Later, corrugated iron was developed, which stiffened the sheets, reducing installation time and allowing for a greater span. Zinc-galvanized roofing was being used by the 1850s, since the galvanizing helped protect the metal from rust.

So-called “tin roofing” (which was actually tin-plated iron) was not common in the United States in the 18th century, although it was used widely throughout Canada even before then. However, Thomas Jefferson chose a standing-seam tin roof for Monticello in the late 1700s, and it grew in popularity in later years.

Other Roofing Materials

While most of the roofing materials discussed above have been used for hundreds of years, it is important to also consider that some “newer” homes have historical significance. For instance, a home built any time after 1903 might have asphalt shingles, which are not usually associated with homes of historical significance.

As with other components of homes, roofing materials evolve over time. New manufacturing options become available, new technologies or efficiencies are introduced, and homeowners’ tastes change over time. Even today’s “newest” roofing materials will someday be historic! 

Historic home needs roof replacement

Hiring a Roofer To Do a Roof Installation on a Historic Home or Building

When hiring a roofing company to do a roof installation on a historic home or building, it is important to choose someone who has experience working with this type of property. 

Not all roofing companies have experience working on historic homes and are familiar with the special considerations that must be made. For example, a roofer who is unfamiliar with slate roofs might not realize that individual slates can be replaced fairly easily. However, it might be necessary to remove a substantial portion of slates to replace flashing.

The importance of hiring a roofing company or roof contractor that is not only knowledgeable but also reputable to do the work cannot be overstated. This is particularly important if you are not familiar with roofing for historic properties. A reputable company will have the experience and expertise necessary to ensure that the job is done right.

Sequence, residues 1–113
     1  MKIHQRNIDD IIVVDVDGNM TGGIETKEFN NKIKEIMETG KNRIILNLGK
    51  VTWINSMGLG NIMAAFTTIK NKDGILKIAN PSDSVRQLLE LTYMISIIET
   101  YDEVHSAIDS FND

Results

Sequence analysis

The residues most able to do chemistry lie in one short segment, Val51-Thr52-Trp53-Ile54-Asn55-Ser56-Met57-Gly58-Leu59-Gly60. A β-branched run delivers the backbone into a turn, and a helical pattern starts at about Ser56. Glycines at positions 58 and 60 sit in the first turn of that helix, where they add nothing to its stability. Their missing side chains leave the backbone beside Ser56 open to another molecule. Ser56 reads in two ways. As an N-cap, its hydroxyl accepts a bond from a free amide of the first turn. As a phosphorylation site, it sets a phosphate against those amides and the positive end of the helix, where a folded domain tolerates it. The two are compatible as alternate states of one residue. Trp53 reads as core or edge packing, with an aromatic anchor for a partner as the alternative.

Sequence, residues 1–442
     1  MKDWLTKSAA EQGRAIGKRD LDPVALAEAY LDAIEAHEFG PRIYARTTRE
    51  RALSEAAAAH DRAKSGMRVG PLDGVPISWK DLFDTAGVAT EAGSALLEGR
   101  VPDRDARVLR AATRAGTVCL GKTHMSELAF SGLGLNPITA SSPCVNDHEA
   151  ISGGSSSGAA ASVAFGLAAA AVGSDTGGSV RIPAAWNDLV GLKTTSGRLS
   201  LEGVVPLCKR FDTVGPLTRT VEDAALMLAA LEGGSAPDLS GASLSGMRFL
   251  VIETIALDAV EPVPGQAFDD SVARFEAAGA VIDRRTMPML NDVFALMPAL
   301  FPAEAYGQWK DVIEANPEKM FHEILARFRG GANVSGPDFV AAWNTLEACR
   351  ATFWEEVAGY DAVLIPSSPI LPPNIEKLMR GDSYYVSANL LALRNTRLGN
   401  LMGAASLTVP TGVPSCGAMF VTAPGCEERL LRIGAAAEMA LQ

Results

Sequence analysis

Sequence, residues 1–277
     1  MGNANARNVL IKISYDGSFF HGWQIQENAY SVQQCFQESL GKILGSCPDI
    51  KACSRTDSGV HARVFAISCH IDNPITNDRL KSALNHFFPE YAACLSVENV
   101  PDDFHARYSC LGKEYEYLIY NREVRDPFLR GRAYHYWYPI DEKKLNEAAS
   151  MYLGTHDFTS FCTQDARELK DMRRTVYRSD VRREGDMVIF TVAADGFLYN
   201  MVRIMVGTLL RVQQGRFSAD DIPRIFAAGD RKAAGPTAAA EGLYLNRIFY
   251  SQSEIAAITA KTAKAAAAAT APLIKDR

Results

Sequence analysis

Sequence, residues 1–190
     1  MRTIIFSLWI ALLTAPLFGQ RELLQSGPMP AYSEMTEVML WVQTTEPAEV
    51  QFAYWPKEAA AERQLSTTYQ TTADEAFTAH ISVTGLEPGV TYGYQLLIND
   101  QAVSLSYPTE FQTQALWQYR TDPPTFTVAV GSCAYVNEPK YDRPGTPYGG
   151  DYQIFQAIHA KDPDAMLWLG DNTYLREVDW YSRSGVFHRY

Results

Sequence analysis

Be sure to ask for references and look at examples of the company’s previous project to ensure that they are qualified to do the job. 

If you own a historic property, you should be prepared for the likelihood that the cost of any roofing work will be higher than average. This reflects the need for more experienced roofers as well as the value of having the special knowledge required to work on a historic home. 

Once you have chosen a roofer, be sure to get everything in writing before work begins. The contract should spell out the proposed timeline, the specific materials that will be used, and the responsibilities of all parties, including cleanup and disposal of debris. Having everything clearly spelled out will help protect you in case there are any problems with the roof replacement project and ensure that everyone enjoys a positive outcome.

Roofing Service Throughout Central Florida

Whether you need roof work on a historic home or a modern commercial building, Stronghold Roofing & Solar in and near Lakeland, Florida can help.

We offer a full range of roofing services, from new roof installation to roof repair and inspections. And we can install and work on any type of roofing, including shingles, metal, tile, and flat roofing.

Our experienced team of roofers, combined with our commitment to providing the best quality craftsmanship, impeccable communication, and fair and transparent pricing, make us the best roofing company in Florida.

Contact us today for a free estimate.

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Nathan Patterson, owner of SHR